High-Fat Diet Linked to Poor Sleep

Study Shows Fat-Laden Dinner Ups Risk of Disruptive Sleep

Medically Reviewed by Louise Chang, MD on June 10, 2008
From the WebMD Archives

June 10, 2008 (Baltimore) -- Add poor sleep to the long list of health complaints associated with eating a high-fat diet.

Brazilian researchers have found that the more fat you consume each day, the less likely you are to get a good night's sleep.

Having a fat-laden cheeseburger and fries for dinner may be particularly disruptive to your sleep pattern, the small study suggests.

Cibele Crispim, MS, of the Federal University of Sao Paulo, Brazil, led the study. The findings were presented at SLEEP 2008, the 22nd Annual Meeting of the Associated Professional Sleep Societies.

High-Fat Diet Disrupts Sleep

Studies in the sleep lab showed that overall, the more fat they ate each day:

  • The more times they woke up, tossing and turning, throughout the night.
  • The greater the chance of abnormal breathing while sleeping.
  • The less time spent in REM (rapid eye movement) sleep each night. REM sleep is the sleep state during which dreaming occurs.

Research has shown that the more REM sleep you get, the more energetic you will feel the next day, says American Academy of Sleep Medicine spokesman Ron Kramer, MD.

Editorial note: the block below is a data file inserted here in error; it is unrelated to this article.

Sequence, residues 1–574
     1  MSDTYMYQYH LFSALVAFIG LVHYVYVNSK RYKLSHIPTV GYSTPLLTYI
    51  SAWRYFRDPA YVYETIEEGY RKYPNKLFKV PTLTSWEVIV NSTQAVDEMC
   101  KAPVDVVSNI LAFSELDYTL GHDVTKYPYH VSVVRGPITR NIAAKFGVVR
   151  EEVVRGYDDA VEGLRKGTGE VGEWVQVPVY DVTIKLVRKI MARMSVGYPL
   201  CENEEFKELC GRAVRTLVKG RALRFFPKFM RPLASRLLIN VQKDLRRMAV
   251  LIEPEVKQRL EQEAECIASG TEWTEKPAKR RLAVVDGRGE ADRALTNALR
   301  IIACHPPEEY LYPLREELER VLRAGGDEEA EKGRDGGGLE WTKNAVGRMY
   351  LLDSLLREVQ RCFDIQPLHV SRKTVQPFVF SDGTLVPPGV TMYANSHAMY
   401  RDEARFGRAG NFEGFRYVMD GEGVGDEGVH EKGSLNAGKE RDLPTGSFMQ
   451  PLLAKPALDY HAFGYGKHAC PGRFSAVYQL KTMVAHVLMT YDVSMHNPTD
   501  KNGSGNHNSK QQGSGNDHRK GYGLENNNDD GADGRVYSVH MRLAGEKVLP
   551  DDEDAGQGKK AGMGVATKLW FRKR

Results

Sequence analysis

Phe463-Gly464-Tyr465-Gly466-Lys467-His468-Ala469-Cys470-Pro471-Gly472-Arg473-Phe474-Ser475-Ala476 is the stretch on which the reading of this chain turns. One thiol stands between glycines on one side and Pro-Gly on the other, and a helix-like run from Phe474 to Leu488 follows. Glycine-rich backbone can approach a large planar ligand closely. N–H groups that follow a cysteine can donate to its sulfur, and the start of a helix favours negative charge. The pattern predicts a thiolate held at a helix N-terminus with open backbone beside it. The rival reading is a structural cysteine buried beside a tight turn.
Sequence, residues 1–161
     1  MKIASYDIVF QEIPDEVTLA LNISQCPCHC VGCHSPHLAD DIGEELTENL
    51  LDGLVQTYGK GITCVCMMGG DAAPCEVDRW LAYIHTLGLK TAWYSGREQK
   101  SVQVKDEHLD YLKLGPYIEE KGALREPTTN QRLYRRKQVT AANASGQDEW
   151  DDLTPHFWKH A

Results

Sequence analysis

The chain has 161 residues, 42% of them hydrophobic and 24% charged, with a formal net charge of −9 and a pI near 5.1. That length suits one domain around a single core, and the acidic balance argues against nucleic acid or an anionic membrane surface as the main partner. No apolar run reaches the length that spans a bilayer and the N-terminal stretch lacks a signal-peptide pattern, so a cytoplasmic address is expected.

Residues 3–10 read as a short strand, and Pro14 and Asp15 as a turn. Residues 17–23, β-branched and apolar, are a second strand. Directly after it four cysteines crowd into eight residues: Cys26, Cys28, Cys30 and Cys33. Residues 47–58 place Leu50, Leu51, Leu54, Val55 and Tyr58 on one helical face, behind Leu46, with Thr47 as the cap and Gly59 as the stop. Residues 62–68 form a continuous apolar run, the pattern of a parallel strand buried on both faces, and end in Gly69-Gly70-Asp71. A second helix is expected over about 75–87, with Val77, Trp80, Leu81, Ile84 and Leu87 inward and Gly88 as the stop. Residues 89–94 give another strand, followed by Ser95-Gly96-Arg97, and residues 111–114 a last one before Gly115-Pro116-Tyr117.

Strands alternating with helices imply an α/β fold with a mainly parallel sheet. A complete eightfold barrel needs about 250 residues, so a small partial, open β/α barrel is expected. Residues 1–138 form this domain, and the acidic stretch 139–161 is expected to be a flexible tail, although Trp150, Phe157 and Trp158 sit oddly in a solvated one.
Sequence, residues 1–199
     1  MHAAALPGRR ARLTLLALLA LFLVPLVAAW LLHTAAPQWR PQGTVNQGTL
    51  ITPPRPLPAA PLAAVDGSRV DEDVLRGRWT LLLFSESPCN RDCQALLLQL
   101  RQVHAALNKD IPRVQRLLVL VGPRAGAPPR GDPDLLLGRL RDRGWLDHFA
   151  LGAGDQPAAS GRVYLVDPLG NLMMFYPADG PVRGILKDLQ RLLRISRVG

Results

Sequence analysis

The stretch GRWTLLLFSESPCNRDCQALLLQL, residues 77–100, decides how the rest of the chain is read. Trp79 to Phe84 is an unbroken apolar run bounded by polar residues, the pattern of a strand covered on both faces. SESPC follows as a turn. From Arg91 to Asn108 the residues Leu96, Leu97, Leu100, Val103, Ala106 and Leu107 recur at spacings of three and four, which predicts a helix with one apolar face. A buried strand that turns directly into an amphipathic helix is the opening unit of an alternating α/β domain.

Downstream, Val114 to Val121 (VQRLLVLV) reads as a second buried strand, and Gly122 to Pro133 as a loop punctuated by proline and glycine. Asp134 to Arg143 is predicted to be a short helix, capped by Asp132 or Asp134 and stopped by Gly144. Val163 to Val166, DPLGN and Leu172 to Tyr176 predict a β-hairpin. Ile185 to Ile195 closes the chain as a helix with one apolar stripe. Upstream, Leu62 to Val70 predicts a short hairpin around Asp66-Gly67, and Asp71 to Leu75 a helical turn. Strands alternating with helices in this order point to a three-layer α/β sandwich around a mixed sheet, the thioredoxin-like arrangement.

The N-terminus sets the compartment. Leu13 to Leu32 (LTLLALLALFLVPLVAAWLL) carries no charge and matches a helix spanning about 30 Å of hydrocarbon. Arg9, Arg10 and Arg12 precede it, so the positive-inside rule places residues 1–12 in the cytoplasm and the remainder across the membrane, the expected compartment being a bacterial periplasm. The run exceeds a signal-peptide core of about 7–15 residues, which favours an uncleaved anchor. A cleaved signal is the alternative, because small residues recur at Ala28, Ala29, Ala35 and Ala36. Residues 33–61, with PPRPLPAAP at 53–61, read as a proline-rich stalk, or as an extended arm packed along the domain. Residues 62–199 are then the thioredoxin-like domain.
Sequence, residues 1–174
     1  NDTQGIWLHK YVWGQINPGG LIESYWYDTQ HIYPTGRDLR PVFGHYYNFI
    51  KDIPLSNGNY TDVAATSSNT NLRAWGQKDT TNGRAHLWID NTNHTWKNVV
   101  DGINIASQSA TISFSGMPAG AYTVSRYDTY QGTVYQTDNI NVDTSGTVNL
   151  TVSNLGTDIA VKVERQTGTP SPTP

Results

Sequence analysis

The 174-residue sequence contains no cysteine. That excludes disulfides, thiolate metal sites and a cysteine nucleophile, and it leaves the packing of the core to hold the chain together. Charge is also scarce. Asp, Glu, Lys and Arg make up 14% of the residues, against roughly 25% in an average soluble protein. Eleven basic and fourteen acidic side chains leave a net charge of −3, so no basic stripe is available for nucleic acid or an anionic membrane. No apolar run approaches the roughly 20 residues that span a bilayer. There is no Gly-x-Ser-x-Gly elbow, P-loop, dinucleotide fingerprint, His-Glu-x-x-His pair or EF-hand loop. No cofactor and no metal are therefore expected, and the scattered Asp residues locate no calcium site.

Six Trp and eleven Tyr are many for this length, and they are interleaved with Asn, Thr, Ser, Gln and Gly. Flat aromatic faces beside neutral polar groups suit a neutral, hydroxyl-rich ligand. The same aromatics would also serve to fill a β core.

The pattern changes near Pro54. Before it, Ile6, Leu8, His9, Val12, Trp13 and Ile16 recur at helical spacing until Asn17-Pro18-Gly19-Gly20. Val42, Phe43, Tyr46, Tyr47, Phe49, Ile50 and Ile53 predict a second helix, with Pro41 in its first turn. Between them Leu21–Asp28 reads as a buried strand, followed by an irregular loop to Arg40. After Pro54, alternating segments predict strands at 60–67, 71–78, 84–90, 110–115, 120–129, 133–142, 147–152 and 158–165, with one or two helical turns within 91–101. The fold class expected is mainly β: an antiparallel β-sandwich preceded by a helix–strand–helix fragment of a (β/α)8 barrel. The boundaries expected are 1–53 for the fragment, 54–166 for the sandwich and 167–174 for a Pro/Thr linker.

"Basically, REM sleep helps to restore your body after a day of life on planet Earth," he says. Kramer is medical director of the Colorado Sleep Disorders Center in Denver.

When meals were analyzed separately, a high-fat dinner alone -- independent of whatever else one ate throughout the day -- raised the risk of disruptive sleep.

While preliminary, the study "is important as it extends our knowledge of the complex relationship between eating and sleeping," Kramer tells WebMD. "These data show that what we eat during the day can have lasting effects, negatively impacting our sleep."

Show Sources


SLEEP 2008, the 22nd Annual Meeting of the Associated Professional Sleep Societies, Baltimore, June 7-12, 2008.

Cibele Crispim, MS, Federal University of Sao Paulo, Brazil.

Ron Kramer, MD, spokesman, American Academy of Sleep Medicine; medical director, Colorado Sleep Disorders Center, Denver.

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